Later, she joined as a worker in a bakery in the Bandra area. This time, she opened up to her mother and told her about having found a Guru. It wasn't easy for the mother to come to terms with her child's identity. Lobo assured her that she would not fall prey to any objectionable work and would ask for money in trains.
Recalling her first time on the train, Lobo said her mother accompanied her and helped her drape the saree every day before she left for work.
Found Her Guru At 17
After confirming her identity with the family, Lobo found her Guru, Salma, who recognised her as a transgender person. The Guru introduced her to the group, where she was accepted. The Guru had christened her as 'Seema', but she later changed her name to Zoya'.
The 27-year-old saved enough to rent a room for her family and moved away from hunting footpaths. She kept her interest in photography to herself, considering it as a far-fetched dream.
Her obstacles, however, didn't seem to have an end. Whatever she earned from the train and her part-time jobs, her mother, at times, took the money to buy alcohol whenever she had the urge.
They left the room she had rented due to the dispute in the society and landed on the streets of the Mumbai Press Club area. They had to constantly shift from place to place because the police hushed them away.
She was subjected to torture under the Guru she had recently started working with. They even shaved her hair, after which she left the community immediately. Unfortunately, around the same time, in 2016, her mother passed away.
Speaking to The Logical Indian, Lobo narrated an incident she faced while travelling on the train (Marine lines-Bandra) in the evening, when she along with another man, was harassed by a cop dressed in civil. She couldn't run for long and was held by other policemen the cop had called.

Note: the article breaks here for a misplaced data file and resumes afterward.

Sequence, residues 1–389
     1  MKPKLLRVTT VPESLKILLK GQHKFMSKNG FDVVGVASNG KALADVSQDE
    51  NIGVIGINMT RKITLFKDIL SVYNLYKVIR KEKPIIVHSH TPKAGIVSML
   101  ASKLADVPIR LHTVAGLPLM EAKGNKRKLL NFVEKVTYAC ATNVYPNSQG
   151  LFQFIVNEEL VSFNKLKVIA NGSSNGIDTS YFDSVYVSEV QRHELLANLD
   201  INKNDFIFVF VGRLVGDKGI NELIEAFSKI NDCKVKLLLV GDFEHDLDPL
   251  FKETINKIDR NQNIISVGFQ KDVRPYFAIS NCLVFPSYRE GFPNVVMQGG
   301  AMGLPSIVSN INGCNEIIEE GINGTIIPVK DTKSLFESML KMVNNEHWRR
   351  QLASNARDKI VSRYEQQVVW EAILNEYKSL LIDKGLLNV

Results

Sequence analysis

The police took them to the Grant Road chowki, where they stripped them naked and asked them to perform in front of the policemen. The duo was mercilessly beaten up by the group of men.
"We're fetishised. We're not viewed as humans for most of the times," Lobo says.
She even lodged a complaint to the nearby police station, but no action was initiated against the accused. After the application remained pending for a year, she lost all hope and never approached the station again.
Though she continued travelling on the train, she would be wary of staying back later after having experienced the horrific incident.
While begging on the train for almost a decade, she saved the amount enough to buy a digital camera for herself. Never in her life she had given a thought of buying a camera, given the numerous challenges she had to face, and start afresh.
By the time she shifted to Hyderabad and started working under another guru, Lobo says her life changed for the good. "My life changed, even in terms of how I dealt with inhuman behaviour. I don't live in fear anymore."